This year, Hugh and the Saskatchewan History and Folklore Society (SHFS) planned a journey from Humboldt to Fort Carleton. I’m still in England; this was the first year I just couldn’t make it. No country bars and pool-tables for me this August. But apparently I was there in spirit.

Matthew rack-em

Rack-em Up Matthew

If you’d like to read more about the walk they took – without me – you can read a great day-by-day description (I did) on Ken Wilson’s blog at https://readingandwalking.wordpress.com/.

Matthew medical distress

Matthew: medical distress

The photo I found the funniest is just above. I had quite a bit of foot trouble on the way to Battleford in 2017, culminating in a full-on leg infection. I was using duct-tape for my blisters, in the vain hope it can fix EVERY problem! Live and learn! Mostly, I’m thankful for good friends and for being remembered on a pilgrimage I couldn’t walk. They knew I was thinking about them. And how wonderful, to be thought of in return.

The Top 10 Reasons to Walk the Whithorn Way Next Time You’re Thinking Camino

full Scottish breakfast

#1.  Scottish breakfasts

Haste Ye Back

#2   if you speak English, they speak the same language. Sort of.

Dunure Castle

The Black Vault in Dunure Castle

#3   place names – like the Waters of Luce – that sound like they come from The Princess Bride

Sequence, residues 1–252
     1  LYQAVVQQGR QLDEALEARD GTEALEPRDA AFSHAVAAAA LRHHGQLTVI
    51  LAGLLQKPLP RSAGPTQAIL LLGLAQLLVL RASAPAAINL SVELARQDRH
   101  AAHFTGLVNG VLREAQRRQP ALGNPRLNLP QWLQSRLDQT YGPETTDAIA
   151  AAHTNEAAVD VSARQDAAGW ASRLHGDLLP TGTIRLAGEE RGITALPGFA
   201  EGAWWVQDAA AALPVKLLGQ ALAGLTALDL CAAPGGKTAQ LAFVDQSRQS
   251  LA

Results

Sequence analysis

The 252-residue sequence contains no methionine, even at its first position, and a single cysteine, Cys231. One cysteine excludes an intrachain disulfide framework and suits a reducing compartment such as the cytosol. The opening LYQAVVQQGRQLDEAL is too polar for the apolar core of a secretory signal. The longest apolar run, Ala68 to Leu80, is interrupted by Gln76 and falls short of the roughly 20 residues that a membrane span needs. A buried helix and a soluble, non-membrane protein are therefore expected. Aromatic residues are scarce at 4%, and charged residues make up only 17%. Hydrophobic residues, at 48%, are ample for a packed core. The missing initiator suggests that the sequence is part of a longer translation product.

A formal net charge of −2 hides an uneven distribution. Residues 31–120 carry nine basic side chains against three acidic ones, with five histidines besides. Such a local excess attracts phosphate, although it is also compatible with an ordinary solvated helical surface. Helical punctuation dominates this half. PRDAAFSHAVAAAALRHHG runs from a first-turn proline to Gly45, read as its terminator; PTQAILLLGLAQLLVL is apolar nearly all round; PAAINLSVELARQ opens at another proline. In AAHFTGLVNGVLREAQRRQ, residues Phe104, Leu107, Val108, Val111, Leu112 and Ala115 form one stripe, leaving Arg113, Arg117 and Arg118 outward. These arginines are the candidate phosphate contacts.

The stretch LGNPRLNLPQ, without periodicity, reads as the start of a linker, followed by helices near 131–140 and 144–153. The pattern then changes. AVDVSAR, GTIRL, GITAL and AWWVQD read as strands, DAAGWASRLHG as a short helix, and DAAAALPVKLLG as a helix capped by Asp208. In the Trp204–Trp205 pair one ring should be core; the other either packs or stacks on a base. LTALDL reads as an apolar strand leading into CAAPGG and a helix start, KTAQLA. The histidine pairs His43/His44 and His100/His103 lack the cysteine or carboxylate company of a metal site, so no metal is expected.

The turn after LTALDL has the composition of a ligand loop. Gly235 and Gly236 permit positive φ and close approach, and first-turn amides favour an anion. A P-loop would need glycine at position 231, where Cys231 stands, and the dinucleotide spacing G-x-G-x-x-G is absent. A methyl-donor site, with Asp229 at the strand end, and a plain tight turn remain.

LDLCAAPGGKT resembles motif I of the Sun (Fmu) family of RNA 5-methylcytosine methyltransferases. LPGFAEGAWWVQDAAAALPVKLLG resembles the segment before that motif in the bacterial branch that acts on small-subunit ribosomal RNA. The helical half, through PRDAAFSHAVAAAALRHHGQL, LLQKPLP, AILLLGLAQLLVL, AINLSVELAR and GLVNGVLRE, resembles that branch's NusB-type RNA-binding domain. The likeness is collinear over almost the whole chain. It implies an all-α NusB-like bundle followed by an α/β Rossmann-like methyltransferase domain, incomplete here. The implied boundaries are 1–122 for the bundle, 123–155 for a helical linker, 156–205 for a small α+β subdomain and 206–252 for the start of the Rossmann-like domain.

Tatty Neeps and Haggis

‘tatties and ‘neeps (and haggis)

#4   ‘tatties and ‘neeps

Miles of Coastline Ken

photo: Ken Wilson

#5   miles and miles of coastal paths

No need to fight for space

#6   no need to fight for space on the trail or in albergues

Scones Jam Ken

scones and jam (for haggis, see above!)

#7   haggis is less disgusting than pulpo

St Ninian

stained glass of St Ninian at Glasgow Cathedral

#8   a saint who may have known the real King Arthur and St Patrick

Drumtroddan Standing Stones

Drumtroddan Standing Stones

#9   currags, castles, cairns, and caves (and neolithic standing stones)

Cask Ales

#10   real Scottish ales

Kissing Gate

And lots more: kissing-gates on the edges of cliffs, Norse-Scots stone crosses, Stone crossa destination where on a clear day you can see Ireland, England, and the Isle of Man, Arts & Crafts art and architecture, Mackintosh at the Willow menuscones with jam, the moors, you’re more likely to be soaked in cold rain than baked by unending heat, Burns cottage slogan

Christine walking through forest RainRobbie Burns, and…I didn’t even mention A.D. Rattray’s Whiskey Experience in Kirkoswald!

There and Back Again

breakfast view from Mansefield Inn Whithorn

The Mansefield B&B, Whithorn